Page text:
Where Does Language Come From?

Bryon Eggenschwiler
Bryon Eggenschwiler / Bryon Eggenschwiler

This story originally appeared in the September 2014 issue of mental_floss magazine. Subscribe to our print edition here, and our iPad edition here.

This question is for the birds. No, really! In a paper recently published in Frontiers in Psychology, linguists at MIT and the University of Tokyo argue that ancient humans crafted language from two communication systems that already existed in nature—those used by birds and primates.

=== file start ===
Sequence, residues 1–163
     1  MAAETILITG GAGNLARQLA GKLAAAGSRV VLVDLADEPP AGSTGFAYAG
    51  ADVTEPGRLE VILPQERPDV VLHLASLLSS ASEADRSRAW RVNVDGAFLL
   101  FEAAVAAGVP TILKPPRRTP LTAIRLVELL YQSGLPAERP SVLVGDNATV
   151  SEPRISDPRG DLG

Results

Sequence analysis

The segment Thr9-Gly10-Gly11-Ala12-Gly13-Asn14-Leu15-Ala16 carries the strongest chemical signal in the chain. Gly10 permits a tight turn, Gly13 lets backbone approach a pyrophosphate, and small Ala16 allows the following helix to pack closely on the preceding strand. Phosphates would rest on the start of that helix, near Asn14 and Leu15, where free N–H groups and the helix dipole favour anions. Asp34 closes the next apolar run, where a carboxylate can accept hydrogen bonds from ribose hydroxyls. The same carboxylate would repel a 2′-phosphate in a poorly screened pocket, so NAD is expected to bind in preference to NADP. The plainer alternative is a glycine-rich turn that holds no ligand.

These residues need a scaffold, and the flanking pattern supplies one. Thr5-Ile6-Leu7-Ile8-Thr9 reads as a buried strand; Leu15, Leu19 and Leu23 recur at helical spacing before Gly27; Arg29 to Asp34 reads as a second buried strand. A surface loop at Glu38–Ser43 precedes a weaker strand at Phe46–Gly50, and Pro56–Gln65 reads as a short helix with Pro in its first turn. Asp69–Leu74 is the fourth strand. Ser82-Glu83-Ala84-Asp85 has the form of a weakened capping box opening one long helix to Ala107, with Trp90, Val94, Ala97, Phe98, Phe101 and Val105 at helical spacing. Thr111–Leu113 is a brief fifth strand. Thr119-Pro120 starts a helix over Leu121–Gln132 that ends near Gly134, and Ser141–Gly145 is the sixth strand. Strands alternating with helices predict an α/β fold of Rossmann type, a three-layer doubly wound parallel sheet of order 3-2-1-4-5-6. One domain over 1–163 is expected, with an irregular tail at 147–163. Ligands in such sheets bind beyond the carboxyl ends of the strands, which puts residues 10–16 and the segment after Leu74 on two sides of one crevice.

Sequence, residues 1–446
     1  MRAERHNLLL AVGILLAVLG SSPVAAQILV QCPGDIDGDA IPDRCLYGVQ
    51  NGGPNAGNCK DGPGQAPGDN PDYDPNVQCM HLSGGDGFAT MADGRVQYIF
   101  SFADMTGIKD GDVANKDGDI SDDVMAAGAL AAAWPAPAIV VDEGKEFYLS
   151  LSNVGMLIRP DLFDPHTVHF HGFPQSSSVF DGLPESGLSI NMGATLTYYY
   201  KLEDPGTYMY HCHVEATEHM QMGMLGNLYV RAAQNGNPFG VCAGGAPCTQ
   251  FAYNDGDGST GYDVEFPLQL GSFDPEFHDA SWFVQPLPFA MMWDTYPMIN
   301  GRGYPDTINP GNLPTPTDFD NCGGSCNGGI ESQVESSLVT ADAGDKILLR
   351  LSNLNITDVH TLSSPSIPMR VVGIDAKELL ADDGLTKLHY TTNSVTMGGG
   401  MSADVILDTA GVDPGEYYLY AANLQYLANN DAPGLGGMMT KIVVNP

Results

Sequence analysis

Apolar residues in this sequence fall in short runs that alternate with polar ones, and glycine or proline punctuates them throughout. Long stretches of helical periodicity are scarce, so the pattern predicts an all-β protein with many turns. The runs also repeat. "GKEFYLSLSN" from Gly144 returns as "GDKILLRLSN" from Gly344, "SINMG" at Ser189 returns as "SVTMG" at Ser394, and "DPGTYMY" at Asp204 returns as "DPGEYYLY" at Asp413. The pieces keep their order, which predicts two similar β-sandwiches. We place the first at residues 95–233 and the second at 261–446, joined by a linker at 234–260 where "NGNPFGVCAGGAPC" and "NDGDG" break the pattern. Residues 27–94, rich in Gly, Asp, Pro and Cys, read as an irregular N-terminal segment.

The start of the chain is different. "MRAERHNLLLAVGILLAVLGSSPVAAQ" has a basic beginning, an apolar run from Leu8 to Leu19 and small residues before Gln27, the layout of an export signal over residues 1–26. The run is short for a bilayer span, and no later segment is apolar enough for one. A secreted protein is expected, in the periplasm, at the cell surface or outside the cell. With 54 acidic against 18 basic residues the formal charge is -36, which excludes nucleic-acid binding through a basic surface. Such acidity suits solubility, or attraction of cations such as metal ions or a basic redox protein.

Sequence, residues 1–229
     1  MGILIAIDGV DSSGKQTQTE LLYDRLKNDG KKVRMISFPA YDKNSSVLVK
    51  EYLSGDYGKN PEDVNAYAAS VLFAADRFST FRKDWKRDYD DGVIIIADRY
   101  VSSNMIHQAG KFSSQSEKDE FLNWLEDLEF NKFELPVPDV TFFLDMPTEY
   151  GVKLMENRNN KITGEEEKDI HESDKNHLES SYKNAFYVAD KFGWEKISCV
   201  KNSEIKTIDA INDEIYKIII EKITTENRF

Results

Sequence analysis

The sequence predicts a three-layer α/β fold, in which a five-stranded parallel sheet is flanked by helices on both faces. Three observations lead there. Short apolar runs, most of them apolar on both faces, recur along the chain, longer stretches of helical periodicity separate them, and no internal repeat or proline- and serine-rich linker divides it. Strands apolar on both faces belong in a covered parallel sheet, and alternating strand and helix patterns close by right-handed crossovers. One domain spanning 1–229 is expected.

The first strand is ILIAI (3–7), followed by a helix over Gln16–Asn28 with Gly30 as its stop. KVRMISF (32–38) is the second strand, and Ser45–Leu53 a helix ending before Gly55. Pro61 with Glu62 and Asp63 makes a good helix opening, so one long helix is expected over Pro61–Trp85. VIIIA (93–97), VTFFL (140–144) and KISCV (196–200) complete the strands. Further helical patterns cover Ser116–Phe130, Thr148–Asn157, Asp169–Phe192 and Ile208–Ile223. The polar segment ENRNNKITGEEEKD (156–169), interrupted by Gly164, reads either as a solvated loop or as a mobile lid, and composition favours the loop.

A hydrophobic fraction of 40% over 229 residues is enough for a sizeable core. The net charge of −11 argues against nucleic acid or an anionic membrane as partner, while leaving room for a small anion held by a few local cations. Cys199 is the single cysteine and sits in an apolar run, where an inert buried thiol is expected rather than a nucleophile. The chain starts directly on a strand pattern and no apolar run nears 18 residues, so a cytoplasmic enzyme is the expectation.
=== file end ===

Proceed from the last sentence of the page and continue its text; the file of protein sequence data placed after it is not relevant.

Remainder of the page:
Human language has two distinct layers: expressive and lexical. Both of these have existed in nature for millennia. The melodic, beat-stressed expressive quality of our language is similar to that used by birds. The lexical “pragmatic, content-carrying parts of speech” resemble the system used by other primates. About 100,000 years ago, the research suggests, humans may have fused the two together to form the building blocks of their own language. In doing so, they achieved something astounding. Birdsong and primate language are both finite: They each contain only a limited number of sounds, which supply a limited number of meanings. But by combining the two, humans created a language that allows for infinite possible meaning combinations. This complexity is part of what makes us, well, human.